Earlier in the month I posted an article about a mod for the SY85 that allows the player to get higher velocity values from the keybed: SY85 Keyboard Velocity Modification
Recently I picked up a floppy emulator unit – a Gotek SFRM72-FU-DL. More about that in a future article. Whilst the SY85 was open during the installation I was able to run some experiments on the PKS CPU. The Velocity Modification reduces the normal clock speed of the PKS CPU to about 92% of the normal 8Mhz. At this lower speed the SY still functions normally but what would happen if this was reduced further?
The PKS CPU looks after these functions:
- Scanning the Keybed for pressed keys and calculating the velocity
- Scanning the Front Panel buttons
- Monitoring the Sustain pedal
Using the little function generator in the top photo I was able to clock the PKS CPU to these frequencies:
- 8MHz – the standard rate in the SY85
The function generator was hooked up to the SY’s PKS CPU with a hastily constructed link using a 1x scope lead and an IC Pin-Hook lead. Not really ideal for sending signals but it worked well enough for this experiment. I used MIDI-OX to monitor MIDI activity from the SY85
Nothing to report. As this is the standard frequency of the PKS everything was normal including the failure to get anywhere near 127 velocity from the keybed.
MIDI-OX now reports 127 velocity from the keybed. The keybed still reliably registers all keypresses ON and OFF. Large sections of keys were stabbed concurrently – no missing keys reported in MIDI-OX. Sustain pedal still detected reliably – I was hitting this on and off quickly with my hand. The front panel buttons still functioned but I did detect an occasional ‘miss’. If I very quickly pressed Program 1, Program 2, Program 1 in a loop it would miss about 1 press in 10. Pressing and holding the ‘+1’ button to auto-repeat to the next Program was down to half-speed.
MIDI-OX shows 127 velocity is easy to achieve. Keybed detection is still reliable with no latency in the sound. The Sustain pedal is now missing the occasional hit, and the front panel buttons are sluggish giving the impression that some are faulty. If you are used to quickly selecting programs & menus with a quick stab-stab-stab action then this is annoying. Keeping a finger on the buttons a little longer still works.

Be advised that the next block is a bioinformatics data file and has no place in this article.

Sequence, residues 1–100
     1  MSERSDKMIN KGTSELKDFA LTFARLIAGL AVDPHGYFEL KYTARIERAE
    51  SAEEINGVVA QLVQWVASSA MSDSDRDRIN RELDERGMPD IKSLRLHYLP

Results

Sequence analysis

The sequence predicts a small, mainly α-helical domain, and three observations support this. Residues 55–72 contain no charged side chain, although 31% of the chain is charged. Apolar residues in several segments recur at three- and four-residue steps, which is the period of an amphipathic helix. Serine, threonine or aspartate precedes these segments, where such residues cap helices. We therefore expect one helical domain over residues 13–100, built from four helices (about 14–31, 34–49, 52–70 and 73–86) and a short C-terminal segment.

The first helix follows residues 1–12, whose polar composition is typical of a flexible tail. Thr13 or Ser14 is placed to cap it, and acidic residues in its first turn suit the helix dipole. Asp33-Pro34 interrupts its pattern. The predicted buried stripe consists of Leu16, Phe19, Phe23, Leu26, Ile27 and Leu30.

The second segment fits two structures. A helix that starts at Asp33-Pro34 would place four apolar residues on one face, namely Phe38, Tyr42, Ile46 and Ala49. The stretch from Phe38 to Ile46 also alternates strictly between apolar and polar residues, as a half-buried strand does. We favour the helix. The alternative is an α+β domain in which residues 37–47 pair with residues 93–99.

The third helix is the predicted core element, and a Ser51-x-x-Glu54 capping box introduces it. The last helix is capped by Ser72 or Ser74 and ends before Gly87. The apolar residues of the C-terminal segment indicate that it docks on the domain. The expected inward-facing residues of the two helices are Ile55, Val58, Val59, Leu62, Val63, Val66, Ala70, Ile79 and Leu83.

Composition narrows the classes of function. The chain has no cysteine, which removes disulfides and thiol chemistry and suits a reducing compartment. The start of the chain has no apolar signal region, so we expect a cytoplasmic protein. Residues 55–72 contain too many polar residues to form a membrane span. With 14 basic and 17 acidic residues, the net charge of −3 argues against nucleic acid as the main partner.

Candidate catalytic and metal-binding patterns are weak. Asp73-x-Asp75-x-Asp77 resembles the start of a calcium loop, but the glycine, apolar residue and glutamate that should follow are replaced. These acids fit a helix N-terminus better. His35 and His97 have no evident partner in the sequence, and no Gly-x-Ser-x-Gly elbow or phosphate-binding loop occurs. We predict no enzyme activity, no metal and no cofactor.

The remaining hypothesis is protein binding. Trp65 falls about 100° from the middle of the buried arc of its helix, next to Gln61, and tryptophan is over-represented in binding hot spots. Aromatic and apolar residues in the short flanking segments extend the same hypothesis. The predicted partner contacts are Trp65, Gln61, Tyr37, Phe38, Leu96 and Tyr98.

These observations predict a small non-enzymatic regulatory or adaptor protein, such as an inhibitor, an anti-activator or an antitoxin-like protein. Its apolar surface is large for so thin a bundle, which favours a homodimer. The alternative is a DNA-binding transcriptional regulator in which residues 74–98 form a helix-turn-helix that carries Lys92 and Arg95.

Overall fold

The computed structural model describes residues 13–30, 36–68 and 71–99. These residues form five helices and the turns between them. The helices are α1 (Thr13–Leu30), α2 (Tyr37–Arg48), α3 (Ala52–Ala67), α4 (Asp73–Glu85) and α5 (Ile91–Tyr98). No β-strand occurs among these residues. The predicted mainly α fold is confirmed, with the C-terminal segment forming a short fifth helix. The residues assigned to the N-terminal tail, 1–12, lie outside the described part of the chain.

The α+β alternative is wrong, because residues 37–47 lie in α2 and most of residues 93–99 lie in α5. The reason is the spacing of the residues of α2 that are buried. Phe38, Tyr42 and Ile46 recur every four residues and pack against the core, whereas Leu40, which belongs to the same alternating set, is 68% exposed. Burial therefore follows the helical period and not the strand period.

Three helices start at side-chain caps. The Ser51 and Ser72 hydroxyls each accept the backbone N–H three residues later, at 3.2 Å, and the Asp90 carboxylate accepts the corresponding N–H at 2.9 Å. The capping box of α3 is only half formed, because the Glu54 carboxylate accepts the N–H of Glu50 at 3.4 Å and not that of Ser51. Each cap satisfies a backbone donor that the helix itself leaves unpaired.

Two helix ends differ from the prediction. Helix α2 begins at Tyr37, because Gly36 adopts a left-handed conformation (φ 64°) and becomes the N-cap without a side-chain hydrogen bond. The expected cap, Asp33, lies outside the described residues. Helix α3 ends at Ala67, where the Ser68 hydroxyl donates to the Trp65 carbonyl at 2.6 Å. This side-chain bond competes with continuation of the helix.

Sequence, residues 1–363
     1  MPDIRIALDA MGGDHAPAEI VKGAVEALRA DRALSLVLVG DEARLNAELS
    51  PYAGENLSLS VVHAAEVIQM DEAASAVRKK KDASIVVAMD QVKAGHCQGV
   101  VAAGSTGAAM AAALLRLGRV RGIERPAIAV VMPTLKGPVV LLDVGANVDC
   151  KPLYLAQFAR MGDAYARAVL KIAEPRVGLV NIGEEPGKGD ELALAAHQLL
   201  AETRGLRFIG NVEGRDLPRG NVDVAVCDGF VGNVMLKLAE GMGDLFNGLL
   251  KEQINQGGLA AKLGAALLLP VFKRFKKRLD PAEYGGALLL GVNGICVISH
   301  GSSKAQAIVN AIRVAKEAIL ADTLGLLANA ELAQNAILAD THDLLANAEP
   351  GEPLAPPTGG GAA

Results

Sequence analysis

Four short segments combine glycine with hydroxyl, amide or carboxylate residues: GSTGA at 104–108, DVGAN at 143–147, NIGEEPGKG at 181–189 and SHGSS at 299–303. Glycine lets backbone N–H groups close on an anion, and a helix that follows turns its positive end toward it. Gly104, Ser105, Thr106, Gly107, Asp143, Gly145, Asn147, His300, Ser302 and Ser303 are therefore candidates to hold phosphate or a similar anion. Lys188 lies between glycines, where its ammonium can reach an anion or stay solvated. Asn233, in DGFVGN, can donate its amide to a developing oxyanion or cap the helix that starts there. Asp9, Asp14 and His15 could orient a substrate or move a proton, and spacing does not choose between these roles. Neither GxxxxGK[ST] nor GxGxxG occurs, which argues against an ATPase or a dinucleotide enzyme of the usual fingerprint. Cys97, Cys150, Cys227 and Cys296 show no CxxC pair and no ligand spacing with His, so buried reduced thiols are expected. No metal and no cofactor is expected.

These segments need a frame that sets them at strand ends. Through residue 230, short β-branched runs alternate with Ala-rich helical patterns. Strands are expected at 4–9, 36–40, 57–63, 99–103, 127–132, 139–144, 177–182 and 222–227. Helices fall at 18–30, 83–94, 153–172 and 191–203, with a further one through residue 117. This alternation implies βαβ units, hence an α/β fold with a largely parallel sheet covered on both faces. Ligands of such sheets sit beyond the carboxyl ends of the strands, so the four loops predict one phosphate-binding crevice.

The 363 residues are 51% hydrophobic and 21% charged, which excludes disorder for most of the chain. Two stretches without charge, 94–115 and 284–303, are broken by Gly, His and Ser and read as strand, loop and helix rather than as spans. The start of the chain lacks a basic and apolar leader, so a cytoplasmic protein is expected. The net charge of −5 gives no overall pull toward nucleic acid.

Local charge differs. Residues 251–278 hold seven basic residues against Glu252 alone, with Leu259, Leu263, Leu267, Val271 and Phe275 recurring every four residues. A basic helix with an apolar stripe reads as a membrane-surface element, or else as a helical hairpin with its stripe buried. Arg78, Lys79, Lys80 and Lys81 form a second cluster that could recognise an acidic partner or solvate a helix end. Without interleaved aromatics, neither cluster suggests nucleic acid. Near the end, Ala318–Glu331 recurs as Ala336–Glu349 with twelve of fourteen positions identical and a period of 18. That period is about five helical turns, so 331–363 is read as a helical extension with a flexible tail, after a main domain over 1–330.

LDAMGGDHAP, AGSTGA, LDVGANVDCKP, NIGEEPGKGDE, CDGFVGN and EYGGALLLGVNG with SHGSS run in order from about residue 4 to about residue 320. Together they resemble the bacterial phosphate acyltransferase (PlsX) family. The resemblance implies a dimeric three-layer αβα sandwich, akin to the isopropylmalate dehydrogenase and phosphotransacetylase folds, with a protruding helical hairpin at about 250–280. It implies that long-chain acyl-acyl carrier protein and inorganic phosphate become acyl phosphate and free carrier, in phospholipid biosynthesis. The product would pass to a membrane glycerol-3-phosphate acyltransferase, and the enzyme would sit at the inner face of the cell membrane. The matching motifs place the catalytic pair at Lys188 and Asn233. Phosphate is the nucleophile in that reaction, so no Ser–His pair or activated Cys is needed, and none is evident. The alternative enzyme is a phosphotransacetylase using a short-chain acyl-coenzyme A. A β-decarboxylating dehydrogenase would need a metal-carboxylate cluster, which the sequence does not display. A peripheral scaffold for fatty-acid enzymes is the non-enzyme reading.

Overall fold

MIDI-OX shows 127 velocity is very easy to achieve. Keybed detection is still reliable with no latency in the sound. Sustain detection is sluggish. The front panel buttons are getting tedious to use – a finger needs kept on each one for a duration before detection. Pressing and holding the ‘+1’ button to auto-repeat to the next Program takes an eternity.
Even at 1MHz the keybed detection was still 100% reliable. My little function generator would not generate a lower frequency unless I used a different mode but the highest frequency in that mode is about 65Khz which is too low for this experiment. I guess I need to dig out the other one.
1Mhz and below:
After hooking up this unit it appeared that the lowest clock speed the PKS would take was around the 620KHz mark. Any lower and it stopped responding to keypresses and panel button pushes. Either the code inside the PKS crashed at this speed, or the main CPU gave up waiting for data, or the signal at the end of my hastily constructed lead was degrading enough to be of no use. Increasing the speed did not bring the PKS functions back again – the SY needed to be power-cycled.
At 620KHz the keybed detection was still very reliable. MIDI-OX showed all the Note-On & Note Offs for every key I hit, even when I quickly tramped an arms-length of them up and down. Obviously the keybed detection code is the priority, and the sustain pedal and panel switch detection in second place.
Driving the PKS at 4MHz clock was still usable and I was able to get 127 velocity without hammering the keys. A frequency between 4MHz and 8Mhz would be an ideal value – the panel switches would still be responsive, and those higher velocity values easier to reach without key-hammering. Something around the 6MHz would be useful – but where will I find that..?
Seek and ye shall find..
Whilst looking at the SY85’s Block Diagram I noticed something down at the bottom right corner – a Clock Generator diagram showing an output of 6.114Mhz
After a bit of tracking-down I found this comes from IC21 on Pins 12 & 13. It appears be used for the effects ICs and other things. Scoping these pins shows this signal comes on immediately the SY is powered on, and is a square 5V 50% pulse. I just need to link this to the PKS CPU’s clock input.
The Velocity Mod – Rev. B
For this modification the trace indicated by the arrow on the top left of the photo needs to be cut. This is the same trace cut detailed in the SY85 Keyboard Velocity Modification
A link wire needs attached to the signal source at IC43 Pin 10 and run to Pin 3 on IC12. A 120R resistor was put in series at the IC12 end of the link to kill some signal ringing that appeared there. The mod worked fine without the resistor but it is worth cleaning it up if it is easily done. Any value between 68R & 120R will work. Scoping IC43 Pin 10 before and after the mod showed no difference in signal quality.
The link was routed away from other high-speed signals as much as possible.
Signal Source – IC43 Pin 10
Signal End – 120R Resistor then IC12 Pin 3
The SY85 is now closed up again and over time I will see if anything out of the ordinary appears. This mod can be easily undone so nothing is permanent.
If you choose to do this modification be aware that it is at your own risk – I take no responsibility for any damage you may do to your SY85. It is assumed that the person doing the modification is experienced with working with PCBs and that full antistatic precautions are followed.